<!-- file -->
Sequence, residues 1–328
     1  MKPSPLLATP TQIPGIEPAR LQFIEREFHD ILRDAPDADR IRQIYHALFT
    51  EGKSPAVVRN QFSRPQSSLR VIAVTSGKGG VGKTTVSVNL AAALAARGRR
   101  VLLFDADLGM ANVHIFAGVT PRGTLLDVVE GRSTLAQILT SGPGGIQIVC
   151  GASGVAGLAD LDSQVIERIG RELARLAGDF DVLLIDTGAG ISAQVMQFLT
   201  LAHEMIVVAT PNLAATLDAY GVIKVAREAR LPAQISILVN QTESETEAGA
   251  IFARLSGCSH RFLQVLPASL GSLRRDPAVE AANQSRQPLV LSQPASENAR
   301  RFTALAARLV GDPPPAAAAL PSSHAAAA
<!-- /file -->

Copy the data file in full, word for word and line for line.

Sequence, residues 1–328
     1  MKPSPLLATP TQIPGIEPAR LQFIEREFHD ILRDAPDADR IRQIYHALFT
    51  EGKSPAVVRN QFSRPQSSLR VIAVTSGKGG VGKTTVSVNL AAALAARGRR
   101  VLLFDADLGM ANVHIFAGVT PRGTLLDVVE GRSTLAQILT SGPGGIQIVC
   151  GASGVAGLAD LDSQVIERIG RELARLAGDF DVLLIDTGAG ISAQVMQFLT
   201  LAHEMIVVAT PNLAATLDAY GVIKVAREAR LPAQISILVN QTESETEAGA
   251  IFARLSGCSH RFLQVLPASL GSLRRDPAVE AANQSRQPLV LSQPASENAR
   301  RFTALAARLV GDPPPAAAAL PSSHAAAA